LUKoil has succeeded where natural gas exporter Gazprom failed, supplying fuel to China.
Gas from LUKoil’s fields in Uzbekistan, where output generates more profit per barrel of oil equivalent than western Siberian crude, is flowing to China under an agreement with its Uzbek partners, LUKoil deputy chief executive Leonid Fedun said.
“We are already supplying and will supply gas to China,” Fedun said. “We have a pipeline project, with very good netbacks, supplying China.”
Gazprom failed to sign a supply contract with China last year after at least a decade of talks. The company hasn’t been able to agree on prices with China, which has instead built pipelines to gas- rich Central Asian states.
LUKoil plans to produce as much as 19 billion cubic meters (119.5 million barrels) of gas a year at peak from deposits in Uzbekistan, Fedun said in June last year. The company provides volumes to the Uzbek state, which has a sales agreement with China, he said.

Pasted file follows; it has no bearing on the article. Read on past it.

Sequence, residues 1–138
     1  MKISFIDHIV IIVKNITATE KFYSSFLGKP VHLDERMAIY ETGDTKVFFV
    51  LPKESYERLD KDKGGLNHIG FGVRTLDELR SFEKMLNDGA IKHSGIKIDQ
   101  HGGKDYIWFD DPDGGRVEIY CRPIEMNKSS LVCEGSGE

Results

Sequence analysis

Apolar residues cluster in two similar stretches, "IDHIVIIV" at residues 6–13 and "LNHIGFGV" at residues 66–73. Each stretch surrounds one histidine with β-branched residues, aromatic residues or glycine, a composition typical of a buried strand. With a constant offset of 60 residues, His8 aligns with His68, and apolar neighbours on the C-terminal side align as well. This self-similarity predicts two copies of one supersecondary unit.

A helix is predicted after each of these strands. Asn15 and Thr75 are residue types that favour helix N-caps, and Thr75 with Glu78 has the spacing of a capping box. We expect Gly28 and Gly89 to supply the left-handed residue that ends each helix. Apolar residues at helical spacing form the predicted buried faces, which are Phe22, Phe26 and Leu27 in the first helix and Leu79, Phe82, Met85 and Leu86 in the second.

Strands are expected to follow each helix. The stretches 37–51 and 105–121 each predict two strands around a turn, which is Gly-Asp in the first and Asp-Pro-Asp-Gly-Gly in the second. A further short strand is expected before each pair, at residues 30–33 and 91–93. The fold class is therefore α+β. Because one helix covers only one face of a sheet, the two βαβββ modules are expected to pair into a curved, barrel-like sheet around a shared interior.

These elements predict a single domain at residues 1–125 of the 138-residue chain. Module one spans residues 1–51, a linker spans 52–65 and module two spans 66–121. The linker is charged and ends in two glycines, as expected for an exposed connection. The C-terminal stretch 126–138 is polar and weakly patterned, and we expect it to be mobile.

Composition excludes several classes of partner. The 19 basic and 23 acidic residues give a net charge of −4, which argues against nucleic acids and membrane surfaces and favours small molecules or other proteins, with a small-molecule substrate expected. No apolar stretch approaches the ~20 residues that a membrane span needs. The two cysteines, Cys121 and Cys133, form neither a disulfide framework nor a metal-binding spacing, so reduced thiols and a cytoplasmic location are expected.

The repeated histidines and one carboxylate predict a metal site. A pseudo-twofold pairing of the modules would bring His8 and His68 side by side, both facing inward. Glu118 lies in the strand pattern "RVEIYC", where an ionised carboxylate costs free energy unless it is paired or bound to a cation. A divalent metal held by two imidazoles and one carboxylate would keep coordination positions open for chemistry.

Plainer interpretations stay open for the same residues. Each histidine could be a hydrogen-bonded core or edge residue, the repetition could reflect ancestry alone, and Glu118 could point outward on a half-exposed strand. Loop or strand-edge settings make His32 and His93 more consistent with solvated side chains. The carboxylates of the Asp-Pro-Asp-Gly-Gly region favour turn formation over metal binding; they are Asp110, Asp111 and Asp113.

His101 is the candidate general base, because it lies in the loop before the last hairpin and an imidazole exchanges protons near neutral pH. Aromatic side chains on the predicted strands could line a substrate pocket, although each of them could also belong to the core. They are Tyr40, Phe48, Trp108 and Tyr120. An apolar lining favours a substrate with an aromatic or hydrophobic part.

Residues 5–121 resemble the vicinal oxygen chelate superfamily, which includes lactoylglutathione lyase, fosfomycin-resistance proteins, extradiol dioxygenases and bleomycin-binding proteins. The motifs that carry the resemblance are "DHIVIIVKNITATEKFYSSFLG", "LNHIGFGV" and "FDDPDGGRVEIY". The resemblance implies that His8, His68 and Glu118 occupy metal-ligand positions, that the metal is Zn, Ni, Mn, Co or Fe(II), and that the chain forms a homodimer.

Sales in the Central Asian nation last year generated $18 of net income per barrel of oil equivalent compared with $11 for western Siberian crude, according to a presentation he gave late last month in London.
BEIJING — China said Friday that it had reached a consensus with Russia over a dispute on the pricing of Russian crude oil it receives via a pipeline.
“Both sides have reached a consensus … under the principles of mutual understanding and mutual accommodation,” China’s Foreign Ministry said, Reuters reported. A Russian industry source said last week that Rosneft made a small price concession to China, granting China National Petroleum Corporation a discount of $1.50 per barrel.